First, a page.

Radical criminology

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Radical criminology caused by the social and economic forces of society holds that crime. It states that society "functions" in terms of the general interests of the ruling class rather than "society as a whole" and that while the potential for conflict is always present, it is continually neutralized by the power of a ruling class.[1][2][3]

Given its nature, radical criminology is not well funded by governments and is generally not supported by government policies.[1]


Radical criminology is based on a variant of Marxism called Instrumental Marxism.


Recently a group of anarchists and abolitionists associated with the Critical Criminology Working Group in the Criminology Department at Kwantlen Polytechnic University have advocated an activist, explicitly anti-capitalist and anti-statist radical criminology. In 2012 they launched the journal "Radical Criminology." An outline of a contemporary radical criminology and a call to action was issued in the journal's "Radical Criminology: A Manifesto."[citation needed]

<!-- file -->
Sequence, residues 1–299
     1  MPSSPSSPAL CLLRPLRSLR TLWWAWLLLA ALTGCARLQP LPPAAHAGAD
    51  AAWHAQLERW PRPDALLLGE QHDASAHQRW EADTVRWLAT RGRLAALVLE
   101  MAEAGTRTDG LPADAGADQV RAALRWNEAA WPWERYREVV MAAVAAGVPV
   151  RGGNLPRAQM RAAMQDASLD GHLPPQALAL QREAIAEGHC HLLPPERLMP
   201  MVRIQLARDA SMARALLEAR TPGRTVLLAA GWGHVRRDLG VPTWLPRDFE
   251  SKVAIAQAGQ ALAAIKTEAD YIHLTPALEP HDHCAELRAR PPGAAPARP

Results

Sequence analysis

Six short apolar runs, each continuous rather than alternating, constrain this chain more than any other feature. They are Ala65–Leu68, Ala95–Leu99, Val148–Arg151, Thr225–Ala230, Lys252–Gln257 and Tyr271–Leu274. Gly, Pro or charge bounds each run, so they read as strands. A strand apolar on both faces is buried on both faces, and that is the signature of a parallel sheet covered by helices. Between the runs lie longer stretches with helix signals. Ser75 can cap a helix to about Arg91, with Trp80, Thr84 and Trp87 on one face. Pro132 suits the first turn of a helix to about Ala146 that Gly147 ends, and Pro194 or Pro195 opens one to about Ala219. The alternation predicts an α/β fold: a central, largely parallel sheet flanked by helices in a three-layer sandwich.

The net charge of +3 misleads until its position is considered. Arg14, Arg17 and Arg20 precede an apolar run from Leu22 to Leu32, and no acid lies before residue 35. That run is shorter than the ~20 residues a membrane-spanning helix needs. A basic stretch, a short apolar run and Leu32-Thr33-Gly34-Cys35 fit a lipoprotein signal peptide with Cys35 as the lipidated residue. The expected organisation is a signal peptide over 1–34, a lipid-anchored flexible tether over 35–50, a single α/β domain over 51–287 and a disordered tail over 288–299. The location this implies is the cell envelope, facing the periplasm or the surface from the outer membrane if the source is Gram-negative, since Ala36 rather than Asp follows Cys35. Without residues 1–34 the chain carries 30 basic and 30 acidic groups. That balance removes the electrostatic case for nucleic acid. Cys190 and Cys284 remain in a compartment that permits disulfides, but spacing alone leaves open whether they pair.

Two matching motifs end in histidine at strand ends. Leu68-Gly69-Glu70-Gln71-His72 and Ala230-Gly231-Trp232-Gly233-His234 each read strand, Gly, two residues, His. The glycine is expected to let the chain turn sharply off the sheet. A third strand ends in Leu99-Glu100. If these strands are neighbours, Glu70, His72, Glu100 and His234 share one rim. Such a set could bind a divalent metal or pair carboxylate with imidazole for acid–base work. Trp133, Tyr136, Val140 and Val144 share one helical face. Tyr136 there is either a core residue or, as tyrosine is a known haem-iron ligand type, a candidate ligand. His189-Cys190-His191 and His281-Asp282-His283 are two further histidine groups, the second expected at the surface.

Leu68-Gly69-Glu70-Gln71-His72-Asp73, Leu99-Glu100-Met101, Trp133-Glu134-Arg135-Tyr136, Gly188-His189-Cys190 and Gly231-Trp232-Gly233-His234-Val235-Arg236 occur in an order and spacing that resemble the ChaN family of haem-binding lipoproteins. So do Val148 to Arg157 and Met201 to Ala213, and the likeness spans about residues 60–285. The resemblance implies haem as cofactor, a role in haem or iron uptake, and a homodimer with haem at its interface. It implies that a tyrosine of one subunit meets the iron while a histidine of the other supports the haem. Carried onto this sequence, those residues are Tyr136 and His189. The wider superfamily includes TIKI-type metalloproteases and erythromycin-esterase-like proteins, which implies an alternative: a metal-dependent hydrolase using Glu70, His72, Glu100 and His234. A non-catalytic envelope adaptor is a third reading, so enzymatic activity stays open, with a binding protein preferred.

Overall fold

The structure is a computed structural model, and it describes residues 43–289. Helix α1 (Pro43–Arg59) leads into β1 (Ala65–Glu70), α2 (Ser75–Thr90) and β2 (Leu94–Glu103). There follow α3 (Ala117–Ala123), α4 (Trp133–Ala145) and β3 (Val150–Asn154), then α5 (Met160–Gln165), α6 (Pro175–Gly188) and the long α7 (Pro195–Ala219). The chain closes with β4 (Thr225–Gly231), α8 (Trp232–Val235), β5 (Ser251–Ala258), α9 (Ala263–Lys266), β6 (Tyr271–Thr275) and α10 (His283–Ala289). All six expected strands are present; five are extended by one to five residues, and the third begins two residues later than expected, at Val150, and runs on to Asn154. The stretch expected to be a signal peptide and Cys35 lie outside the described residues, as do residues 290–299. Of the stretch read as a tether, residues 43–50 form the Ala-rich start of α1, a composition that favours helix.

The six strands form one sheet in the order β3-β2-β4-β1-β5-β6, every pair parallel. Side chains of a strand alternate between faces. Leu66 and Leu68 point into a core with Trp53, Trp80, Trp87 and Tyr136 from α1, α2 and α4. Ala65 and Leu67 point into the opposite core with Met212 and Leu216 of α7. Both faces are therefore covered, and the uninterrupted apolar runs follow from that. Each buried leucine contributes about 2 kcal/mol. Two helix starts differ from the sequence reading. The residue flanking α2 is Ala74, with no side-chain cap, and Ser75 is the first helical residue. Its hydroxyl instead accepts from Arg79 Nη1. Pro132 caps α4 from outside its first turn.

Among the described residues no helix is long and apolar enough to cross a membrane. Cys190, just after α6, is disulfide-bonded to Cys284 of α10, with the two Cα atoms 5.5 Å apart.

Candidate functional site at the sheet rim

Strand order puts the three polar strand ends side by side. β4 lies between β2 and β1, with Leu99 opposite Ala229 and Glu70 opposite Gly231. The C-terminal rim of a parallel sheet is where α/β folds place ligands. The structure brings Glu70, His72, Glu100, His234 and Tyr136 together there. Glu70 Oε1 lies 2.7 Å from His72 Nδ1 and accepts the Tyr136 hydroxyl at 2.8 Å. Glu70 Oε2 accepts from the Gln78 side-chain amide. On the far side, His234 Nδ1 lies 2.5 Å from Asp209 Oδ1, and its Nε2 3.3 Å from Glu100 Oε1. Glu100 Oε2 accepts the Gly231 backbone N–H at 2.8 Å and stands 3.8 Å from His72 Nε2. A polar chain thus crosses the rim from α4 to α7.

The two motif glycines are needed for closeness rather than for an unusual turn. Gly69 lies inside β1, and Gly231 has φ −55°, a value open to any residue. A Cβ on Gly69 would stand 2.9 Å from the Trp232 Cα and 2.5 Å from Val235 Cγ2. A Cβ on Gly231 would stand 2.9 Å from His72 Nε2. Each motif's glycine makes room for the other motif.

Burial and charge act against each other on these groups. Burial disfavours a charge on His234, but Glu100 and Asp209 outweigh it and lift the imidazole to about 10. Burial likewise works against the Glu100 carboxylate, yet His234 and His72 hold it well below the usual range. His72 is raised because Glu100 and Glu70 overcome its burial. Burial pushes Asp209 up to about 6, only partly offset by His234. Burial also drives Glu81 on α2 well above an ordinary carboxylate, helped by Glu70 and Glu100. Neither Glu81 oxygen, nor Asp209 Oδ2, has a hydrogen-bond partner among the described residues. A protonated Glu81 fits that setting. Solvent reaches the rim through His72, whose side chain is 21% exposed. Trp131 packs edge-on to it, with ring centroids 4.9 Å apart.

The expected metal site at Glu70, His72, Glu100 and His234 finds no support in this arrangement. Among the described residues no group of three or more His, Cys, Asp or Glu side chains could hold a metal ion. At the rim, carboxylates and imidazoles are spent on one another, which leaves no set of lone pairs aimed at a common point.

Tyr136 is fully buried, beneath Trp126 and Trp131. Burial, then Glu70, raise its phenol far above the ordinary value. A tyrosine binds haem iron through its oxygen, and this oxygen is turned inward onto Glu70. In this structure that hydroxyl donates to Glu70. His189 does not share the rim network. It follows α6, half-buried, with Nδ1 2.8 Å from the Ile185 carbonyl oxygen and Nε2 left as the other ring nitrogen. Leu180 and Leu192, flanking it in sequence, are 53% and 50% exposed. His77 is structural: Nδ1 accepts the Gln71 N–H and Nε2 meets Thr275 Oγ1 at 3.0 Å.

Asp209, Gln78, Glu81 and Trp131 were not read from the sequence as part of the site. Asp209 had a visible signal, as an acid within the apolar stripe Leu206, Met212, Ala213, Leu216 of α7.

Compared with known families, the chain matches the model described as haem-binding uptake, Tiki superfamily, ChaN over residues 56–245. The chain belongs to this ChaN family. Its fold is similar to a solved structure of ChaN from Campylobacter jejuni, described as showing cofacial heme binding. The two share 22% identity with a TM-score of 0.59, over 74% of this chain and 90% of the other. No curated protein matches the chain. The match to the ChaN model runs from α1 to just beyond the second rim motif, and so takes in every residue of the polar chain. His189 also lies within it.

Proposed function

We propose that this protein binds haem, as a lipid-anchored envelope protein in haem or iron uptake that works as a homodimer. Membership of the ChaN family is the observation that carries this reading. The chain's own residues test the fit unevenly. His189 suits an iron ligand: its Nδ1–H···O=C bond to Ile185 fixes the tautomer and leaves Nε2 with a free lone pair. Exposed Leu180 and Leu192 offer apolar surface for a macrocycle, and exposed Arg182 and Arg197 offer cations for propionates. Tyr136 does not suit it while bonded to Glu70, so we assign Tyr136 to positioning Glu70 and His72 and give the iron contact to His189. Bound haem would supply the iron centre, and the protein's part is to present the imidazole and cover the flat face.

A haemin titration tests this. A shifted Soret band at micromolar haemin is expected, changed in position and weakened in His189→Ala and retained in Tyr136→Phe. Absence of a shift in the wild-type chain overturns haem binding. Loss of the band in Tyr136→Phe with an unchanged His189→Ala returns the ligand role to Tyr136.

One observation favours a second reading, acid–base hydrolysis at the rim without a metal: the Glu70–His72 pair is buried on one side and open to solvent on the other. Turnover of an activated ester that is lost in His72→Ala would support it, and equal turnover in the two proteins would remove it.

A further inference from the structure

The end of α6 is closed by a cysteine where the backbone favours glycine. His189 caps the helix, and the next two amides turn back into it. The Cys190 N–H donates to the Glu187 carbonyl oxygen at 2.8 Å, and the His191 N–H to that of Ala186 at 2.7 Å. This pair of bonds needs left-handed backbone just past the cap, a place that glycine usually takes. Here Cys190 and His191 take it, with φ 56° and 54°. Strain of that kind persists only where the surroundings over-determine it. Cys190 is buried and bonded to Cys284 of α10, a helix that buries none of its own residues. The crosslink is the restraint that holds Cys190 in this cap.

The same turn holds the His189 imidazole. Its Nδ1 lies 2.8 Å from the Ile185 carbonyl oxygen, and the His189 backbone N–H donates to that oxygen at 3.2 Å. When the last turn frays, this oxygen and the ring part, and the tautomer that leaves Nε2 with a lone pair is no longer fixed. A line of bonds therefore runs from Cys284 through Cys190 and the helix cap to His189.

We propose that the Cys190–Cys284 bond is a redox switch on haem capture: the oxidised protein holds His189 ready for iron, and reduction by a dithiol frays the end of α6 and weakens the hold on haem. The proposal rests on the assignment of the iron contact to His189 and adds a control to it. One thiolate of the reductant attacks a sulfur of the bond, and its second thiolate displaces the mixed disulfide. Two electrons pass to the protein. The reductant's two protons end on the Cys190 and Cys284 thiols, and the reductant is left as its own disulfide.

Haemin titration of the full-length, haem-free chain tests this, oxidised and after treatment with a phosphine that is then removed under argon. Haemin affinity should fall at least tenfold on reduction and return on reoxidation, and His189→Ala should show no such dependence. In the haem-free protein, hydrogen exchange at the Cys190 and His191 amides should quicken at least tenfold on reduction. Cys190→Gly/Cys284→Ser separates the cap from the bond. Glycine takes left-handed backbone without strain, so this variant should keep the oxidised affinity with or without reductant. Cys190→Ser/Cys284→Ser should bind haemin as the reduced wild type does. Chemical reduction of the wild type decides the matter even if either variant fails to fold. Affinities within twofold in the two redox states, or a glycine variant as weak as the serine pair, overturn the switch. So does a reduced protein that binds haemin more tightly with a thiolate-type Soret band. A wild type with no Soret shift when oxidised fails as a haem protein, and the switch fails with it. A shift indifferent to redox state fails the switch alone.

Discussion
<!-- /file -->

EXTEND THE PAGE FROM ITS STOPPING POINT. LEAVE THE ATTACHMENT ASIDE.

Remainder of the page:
Further reading[edit]

  • Tony Platt, "Prospects for a Radical Criminology in the United States." Crime and Social Justice 1 (Spring/Summer, 1974).
  • Michael J. Lynch, ed. (January 1997). Radical Criminology. The International Library of Criminology, Criminal Justice and Penology Ser. Ashgate Publishing, Limited. ISBN 1-85521-858-5.
  • Jeff Shantz, "Radical Criminology: A Manifesto." Radical Criminology. Issue 1: 7-17, 2012. [1]

See also[edit]


  1. ^ a b Mike Maguire; Rodney Morgan; Robert Reiner (2007). The Oxford handbook of criminology (4, Illustrated ed.). Oxford University Press. ISBN 978-0-19-920543-1. Retrieved 22 February 2010.
  2. ^ Johnson, E. H. (1978). "Radical Criminology and Marxism: A Fallible Relationship". Criminal Justice Review. 3: 53. doi:10.1177/073401687800300107.
  3. ^ "Radical Criminology: Theoretical Origins" (PDF). Retrieved 22 February 2010.

External links[edit]